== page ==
Helping News                                                   JuLy, 2011   Issue 36

Women, Men, and Financial Stress: Key Trends 

Financial stress has been identified as a leading cause of unhealthy behaviors like smoking, weight gain, and alcohol and drug abuse, as well as the subject of considerable concern in the American workplace. In fact, an estimated 60% of illness is caused by financial stress, according to a study by Financial Finesse Reports. Although the report shows some signs of curtailment in the general population, women are reported to be three times as likely as men to face "overwhelming financial" stress.

Responding to a workplace questionnaire in the first quarter of this year, a nationally representative sample of 1,000 respondents offered the following information:

9% of women reported "overwhelming 
financial stress," compared with 3% of men. 

65% of employees stated that they had "some"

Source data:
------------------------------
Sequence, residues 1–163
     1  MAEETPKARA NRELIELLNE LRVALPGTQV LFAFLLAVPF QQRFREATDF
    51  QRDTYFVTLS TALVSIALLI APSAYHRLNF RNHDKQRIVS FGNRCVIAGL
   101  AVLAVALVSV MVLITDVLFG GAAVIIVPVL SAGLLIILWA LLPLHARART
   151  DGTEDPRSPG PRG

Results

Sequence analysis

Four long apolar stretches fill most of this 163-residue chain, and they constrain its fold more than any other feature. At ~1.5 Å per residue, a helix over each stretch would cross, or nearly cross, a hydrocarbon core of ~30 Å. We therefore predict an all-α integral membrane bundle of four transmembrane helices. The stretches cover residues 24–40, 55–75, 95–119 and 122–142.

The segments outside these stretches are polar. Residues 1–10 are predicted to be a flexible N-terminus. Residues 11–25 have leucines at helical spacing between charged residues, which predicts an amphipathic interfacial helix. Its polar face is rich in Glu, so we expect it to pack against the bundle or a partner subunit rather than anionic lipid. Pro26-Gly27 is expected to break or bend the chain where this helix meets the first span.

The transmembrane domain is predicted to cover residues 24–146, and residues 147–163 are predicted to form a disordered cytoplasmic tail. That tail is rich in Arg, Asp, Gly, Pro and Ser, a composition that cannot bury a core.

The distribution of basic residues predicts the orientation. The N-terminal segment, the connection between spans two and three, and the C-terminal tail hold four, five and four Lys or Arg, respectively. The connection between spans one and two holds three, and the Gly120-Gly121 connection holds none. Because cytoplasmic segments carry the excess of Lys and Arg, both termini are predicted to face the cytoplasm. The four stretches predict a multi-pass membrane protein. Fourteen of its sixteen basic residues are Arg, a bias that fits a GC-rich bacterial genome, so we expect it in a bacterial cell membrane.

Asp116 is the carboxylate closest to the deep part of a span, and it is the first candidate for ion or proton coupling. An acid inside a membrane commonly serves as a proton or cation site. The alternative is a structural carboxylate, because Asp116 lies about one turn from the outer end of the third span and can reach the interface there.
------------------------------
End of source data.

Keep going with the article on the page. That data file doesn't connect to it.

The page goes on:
financial stress, 21% reported their stress 
level to be "high" or "overwhelming," and 14%
denied feeling any stress. 

Middle income employees are under more 
financial stress than low or high income 

Married employees had lower levels of 
financial stress than single employees. 

Employees age 30-44 are most vulnerable 
to higher levels of financial stress. 

17% of households with no children reported "no" stress, compared to 10% of households with children. 

For both genders, anxiety and worries about money have lessened since 2009. That year, Financial Finesse found 97% of people surveyed said they experienced some stress over money matters, compared with 86% in the current study.

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